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She has spinal stenosis and in hospital - they want to send her home. She can't sit up, walk with out assist and is in tremendous pain. She would need care 24/7 and there is no one available to do that. They said she can't go to rehab because she is a "watch" not a regular patient. Not sure what that means.

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Glad this is starting to work out!
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Good news! Thanks for the update and best wishes to you and to your mom for some very helpful treatment for her spinal condition.
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On Mom's first hospital stay, they were trying to find out why she'd blacked out. Because they were focused on the black out, they didn't do PT or OT evals. But when she was rushed back in for another fall in two days, the doctor brought in a cardio, ordered both evals and turned out there were other issues that necessitated that she move to NH. And this time, she had a diagnosis so Medicare req's were met. I tell all my friends about this because being in the middle of the crisis is NOT the time to get the education about the fine details of hospital stays and Medicare.
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Thank you so much for all of your advice. I was able to speak with the case manager in a more informed way and we were able to get an MRI done - results of MRI led to her being admitted as a patient. Now the case manager is looking into rehab facilities. Thank you all so much, I would not have known how to handle this without your input. Hugs to all.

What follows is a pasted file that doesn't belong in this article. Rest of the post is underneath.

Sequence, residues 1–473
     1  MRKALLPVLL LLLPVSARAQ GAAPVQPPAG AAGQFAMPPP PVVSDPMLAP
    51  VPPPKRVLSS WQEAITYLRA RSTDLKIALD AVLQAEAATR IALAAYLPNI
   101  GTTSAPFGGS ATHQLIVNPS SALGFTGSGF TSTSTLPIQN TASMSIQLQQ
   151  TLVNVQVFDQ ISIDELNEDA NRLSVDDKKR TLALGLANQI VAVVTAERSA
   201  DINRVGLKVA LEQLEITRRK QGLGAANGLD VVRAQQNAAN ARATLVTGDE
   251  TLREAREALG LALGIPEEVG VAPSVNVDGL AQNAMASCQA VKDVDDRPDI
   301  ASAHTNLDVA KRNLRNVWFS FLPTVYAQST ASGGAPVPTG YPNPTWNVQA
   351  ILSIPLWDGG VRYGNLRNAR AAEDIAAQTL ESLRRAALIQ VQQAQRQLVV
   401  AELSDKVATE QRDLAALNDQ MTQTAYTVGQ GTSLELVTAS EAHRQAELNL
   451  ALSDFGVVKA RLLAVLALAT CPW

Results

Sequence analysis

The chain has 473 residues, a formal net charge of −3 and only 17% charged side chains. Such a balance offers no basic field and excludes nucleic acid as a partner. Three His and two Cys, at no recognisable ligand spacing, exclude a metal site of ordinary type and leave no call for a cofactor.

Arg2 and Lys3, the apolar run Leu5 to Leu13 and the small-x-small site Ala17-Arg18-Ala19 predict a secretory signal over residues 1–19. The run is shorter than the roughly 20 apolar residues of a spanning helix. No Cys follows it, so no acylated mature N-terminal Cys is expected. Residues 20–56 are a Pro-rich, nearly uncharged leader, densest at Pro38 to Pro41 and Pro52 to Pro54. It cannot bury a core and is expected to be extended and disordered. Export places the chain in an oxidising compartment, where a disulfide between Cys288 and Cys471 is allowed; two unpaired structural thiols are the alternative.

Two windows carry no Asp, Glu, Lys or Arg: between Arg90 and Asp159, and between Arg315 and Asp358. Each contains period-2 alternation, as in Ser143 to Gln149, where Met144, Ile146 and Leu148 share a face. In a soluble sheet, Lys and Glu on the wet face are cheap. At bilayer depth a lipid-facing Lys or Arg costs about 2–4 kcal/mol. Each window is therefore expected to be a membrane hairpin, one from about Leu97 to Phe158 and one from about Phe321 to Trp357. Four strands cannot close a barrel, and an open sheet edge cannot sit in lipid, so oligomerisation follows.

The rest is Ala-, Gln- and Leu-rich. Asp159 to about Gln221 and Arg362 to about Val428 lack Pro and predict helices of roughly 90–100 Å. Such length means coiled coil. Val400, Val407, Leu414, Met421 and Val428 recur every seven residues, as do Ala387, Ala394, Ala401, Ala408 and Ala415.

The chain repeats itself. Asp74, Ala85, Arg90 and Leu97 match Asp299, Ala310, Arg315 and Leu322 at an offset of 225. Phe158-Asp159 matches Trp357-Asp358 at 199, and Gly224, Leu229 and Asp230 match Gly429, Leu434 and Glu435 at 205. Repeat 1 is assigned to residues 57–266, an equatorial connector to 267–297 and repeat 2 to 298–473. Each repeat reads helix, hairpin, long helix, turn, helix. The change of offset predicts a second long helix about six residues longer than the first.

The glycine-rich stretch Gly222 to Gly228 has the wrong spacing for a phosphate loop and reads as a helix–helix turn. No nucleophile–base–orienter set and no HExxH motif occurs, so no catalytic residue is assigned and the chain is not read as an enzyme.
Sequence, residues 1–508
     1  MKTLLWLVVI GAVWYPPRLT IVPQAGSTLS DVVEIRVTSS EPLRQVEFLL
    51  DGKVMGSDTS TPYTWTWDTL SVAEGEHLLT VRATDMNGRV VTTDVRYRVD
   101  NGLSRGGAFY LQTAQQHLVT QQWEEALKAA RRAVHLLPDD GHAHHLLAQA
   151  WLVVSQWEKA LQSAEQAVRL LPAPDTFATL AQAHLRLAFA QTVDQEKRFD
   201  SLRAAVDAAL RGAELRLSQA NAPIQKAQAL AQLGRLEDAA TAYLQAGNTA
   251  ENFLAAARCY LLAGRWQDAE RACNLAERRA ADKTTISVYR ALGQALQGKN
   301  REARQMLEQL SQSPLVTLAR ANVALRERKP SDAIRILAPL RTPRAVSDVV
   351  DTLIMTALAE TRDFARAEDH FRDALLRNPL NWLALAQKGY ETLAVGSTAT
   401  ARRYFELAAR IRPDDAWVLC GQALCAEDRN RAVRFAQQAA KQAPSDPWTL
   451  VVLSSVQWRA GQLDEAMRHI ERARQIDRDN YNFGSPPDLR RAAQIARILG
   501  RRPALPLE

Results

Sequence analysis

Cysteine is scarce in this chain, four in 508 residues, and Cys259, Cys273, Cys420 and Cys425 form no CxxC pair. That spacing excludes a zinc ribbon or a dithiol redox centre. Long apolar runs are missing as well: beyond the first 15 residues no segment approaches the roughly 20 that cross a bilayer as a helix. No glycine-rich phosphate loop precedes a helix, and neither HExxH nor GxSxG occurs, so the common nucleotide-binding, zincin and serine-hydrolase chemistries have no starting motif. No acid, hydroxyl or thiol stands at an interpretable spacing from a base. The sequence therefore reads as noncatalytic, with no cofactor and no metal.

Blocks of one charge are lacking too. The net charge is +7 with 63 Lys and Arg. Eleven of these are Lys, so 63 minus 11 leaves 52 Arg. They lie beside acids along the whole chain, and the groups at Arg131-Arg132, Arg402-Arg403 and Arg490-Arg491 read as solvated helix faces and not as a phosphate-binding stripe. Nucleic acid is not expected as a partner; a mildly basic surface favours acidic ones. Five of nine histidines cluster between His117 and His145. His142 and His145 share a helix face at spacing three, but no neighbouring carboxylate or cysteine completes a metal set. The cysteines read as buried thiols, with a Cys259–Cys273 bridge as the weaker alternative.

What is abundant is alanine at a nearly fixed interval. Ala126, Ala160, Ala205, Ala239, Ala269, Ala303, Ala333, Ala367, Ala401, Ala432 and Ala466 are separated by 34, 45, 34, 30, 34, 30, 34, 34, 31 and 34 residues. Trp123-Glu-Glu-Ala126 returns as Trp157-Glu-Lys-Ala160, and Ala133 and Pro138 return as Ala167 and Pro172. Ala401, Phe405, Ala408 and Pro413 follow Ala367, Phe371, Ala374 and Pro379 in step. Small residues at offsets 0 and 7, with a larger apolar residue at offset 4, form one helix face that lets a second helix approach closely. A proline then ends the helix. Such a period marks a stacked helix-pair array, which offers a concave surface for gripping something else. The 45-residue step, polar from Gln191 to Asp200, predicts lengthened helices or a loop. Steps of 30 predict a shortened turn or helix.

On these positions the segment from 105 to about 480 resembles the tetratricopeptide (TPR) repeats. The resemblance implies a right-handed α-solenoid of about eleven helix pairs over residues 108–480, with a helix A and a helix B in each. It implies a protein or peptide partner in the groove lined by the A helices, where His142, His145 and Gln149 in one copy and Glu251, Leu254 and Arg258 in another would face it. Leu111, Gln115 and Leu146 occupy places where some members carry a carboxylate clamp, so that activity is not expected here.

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We had the same problem a couple of times with Mother. Her doc was very medicare savy and could usually come up with acceptable reason for admission before the 3 days were up. Mother would sometimes help out by coming down with UTI or very low oxygen rate causing necessary admission.

I guess we were lucky because the change in obvs to adm was always approved.
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Correction: Paragraph beginning with "Linda..." should have read I was prepared to order the ENTIRE medical chart/records..."
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The issue of payment by Medicare for meds administered during an observational stay is another pitfull of just an observational status.

We experienced this in 2012 when my father's pacemake was changed and we had to go to the electrophysiologist's preferred hospital, which had technology that his alternate hospital did not have. The issue was one of safely removing and replacing the pacer, and there was an ancillary issue of a defective defibrillator.

Dad developed CHF post-surgery; nurse practitioner said it was "probably due to overinfusion during the surgery". Because of the CHF, he was kept overnight, but I didn't realize the difference between admission and observation.

The hospital later billed him about $80 for meds, including outrageous charges like $14 for a lip balm which he couldn't use because it was petroleum based and he was on oxygen for the CHF.

Medicare refused to pay. I appealed and battled with the hospital and Medicare for about a year. Medicare dropped the ball and failed to respond after the second appellate level was reached.

The hospital also gave up. The $80 for about $15 worth of meds was never paid.

Linda, I don't know for sure whether you can appeal the discharge status, but I demanded explanations and was prepared to order the enter medical chart if the hospital didn't cooperate, which it eventually did.

But you can appeal any Medicare decision not to pay the meds. The outside deadline is listed in the Medicare EOB.

I think I was enough of a thorn in the side of the hospital staff that they just gave up.


Carmichael, I have no particular information on IV meds as a factor for requalifying an admission status, but ask the hospital, in writing (by e-mail if preferred) to document their policies, explain, etc.